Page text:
So Mean to Josephine directed
by Peter Wellington
her 1996 Sundance entry Joe’s So Mean to Josephine, Sarah Polley
told a Toronto journalist, "I can’t believe it was written by a man!"
Polley’s female-chauvinist comment proves how rarely our culture provides
insight into male behavior, masculine pain. Joe’s So Mean to Josephine,
a criminal-class-boy-meets-upwardly-mobile-girl love story, resembles a Vancouver
Breathless. It has no Godardian innovations, but its depiction of how
wrong two hearts can be reveals the way class tensions and emotional inexperience
affect relationships–the things indie movies are thought to do, talked
about doing but rarely, if ever, achieve.
From the start, when Josephine
first sees Joe at a local bar, Wellington investigates pop infatuation. Their
love story might be out of the Shangri-La’s ("He’s good-bad but
he’s not evil"). Eric Thal bases Joe’s blocked, damaged character
in convincing swagger while Polley aces Josephine’s girlish hunger for
excitement. His petty thefts heat up her bored propriety. Casing Josephine’s
home, Joe argues with her mother ("Don’t get smart with me, young
man!" "Don’t get stupid with me, lady!"). Josephine’s
won over by what she idealizes as rebellion. Wellington views their confusion
about class and desire convincingly. He has an uncommon sense of lower-middle-class
neighborhood locales, the mien of social exchange. I haven’t seen much
like this outside Frank Borzage’s 1931 Bad Girl. I thought of Borzage
during the berserk Isn’t She Great when Bette Midler and Nathan
Lane talked to God in Central Park; the wack scene defied credulity, whereas
Borzage, in Bad Girl and After Tomorrow, perceived a true union
of souls when his pairs of lovers simply stood side by side talking about the
economic (seemingly cosmic) barriers that kept them from marrying. Wellington
comes close to that in scenes of Joe and Josephine’s inarticulate companionship.
Their reunion, after a short absence, balances Joe’s wrenching stupor with
Josephine’s perplexity. It’s a classic face-to-face, lovers drowning
in the gulf between them.
When Joe attempts making
up with social-climbing Josephine by offering her an unexpected gift, her pretentious
response, "That’s very magnanimous of you," proves her growing
distance–and is perfectly wounding. In such moments Joe’s So Mean
to Josephine approximates the exquisite new Scritti Politti song "First
Goodbye." Opposing the current facile notion of people reinventing themselves,
this emotional crisis shows two lovers coming into their first young adult creation.
Somehow Joe’s So
Mean to Josephine never found theatrical distribution in the U.S. while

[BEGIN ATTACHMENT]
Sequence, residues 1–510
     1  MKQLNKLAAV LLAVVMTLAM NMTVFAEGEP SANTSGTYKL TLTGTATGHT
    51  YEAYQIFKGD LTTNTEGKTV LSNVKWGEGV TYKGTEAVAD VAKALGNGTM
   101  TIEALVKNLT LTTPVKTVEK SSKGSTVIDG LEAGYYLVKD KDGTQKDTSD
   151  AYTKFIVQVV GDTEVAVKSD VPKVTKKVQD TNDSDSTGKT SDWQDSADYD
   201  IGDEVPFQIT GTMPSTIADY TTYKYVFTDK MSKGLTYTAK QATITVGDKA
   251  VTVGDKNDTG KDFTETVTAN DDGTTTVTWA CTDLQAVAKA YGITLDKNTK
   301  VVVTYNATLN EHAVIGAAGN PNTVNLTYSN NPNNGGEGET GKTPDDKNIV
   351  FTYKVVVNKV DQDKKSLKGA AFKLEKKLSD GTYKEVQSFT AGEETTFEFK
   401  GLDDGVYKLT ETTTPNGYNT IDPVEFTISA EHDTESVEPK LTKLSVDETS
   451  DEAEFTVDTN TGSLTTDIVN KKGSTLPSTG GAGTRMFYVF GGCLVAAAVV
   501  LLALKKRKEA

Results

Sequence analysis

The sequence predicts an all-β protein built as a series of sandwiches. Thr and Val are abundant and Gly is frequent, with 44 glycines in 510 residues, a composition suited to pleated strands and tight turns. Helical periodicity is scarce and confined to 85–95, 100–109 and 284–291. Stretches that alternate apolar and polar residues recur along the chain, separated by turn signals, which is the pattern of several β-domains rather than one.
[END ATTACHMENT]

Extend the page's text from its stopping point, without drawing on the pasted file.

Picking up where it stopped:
last year Polley appeared across the country in the dreadful, Miramax-hyped
Guinevere (a simple jailbait movie). So it’s official: You can’t
wait for good movies to be brought to your attention by big-budget ad campaigns.
There may be a treasury of poignant comedies and dramas in the netherworld of
video and indie cable. Take that as a warning and take Joe’s So Mean
to Josephine as a cinematic billet-doux.
built-in facetiousness of Scream 3 is its worst fault. Some reviewers
stop short from rightfully condemning the movie because they think it’s
not meant to be more than trivial. Yet even if viewed half-consciously, Scream
3 perverts the fun principle. Pop taste doesn’t have to sink this low.
Wes Craven, the film’s director, has no idea how to improve his franchise,
so he reprocesses it. Without shame about the tired plot and tacky conceits,
Sidney (Neve Campbell), Gale (Courteney Cox Arquette) and Dewey (David Arquette)
once again run scared from another masked killer through a maze of movie in-jokes.
But third time’s not the charm. Craven’s trio find themselves doubled
on the set of a movie, Stab 3, where a group of self-involved actors
and filmmakers travesty their past real-life nightmares–and with a new
slasher loose on the lot. There’s no suspense here, just–unironically–a
series of hackings. Sure that only the thickest movie buffs will fall for this
junk, Craven also works in buff flattery: he emphasizes cameo appearances by
trash guru Roger Corman and his bastard progeny Kevin Smith. But they never
ask: How many Psycho ripoffs must the culture endure?
Coming off last year’s
Hitchcock Centennial, where everybody gave lip-service to The Master, a sad
fact remains: Gen X prefers cheap thrills. (That’s how Scream’s
original writer Kevin Williamson turned its shtick into the I Know What You
Did Last Summer franchise.) At first the series’ blatancy gave some
ready-made sarcasm to the teen-sex-comedy gimmicks. In a culture where the universal
adolescent horror of Brian De Palma’s Carrie has been reduced to
"just an old movie," Scream seemed a logically dumbed-down
retreat from one’s personal anxiety and general narrative expectation.
Yet by congratulating such skepticism, the series’ jokiness wound up making
blatancy its point. And The Blair Witch Project, sensing the minimal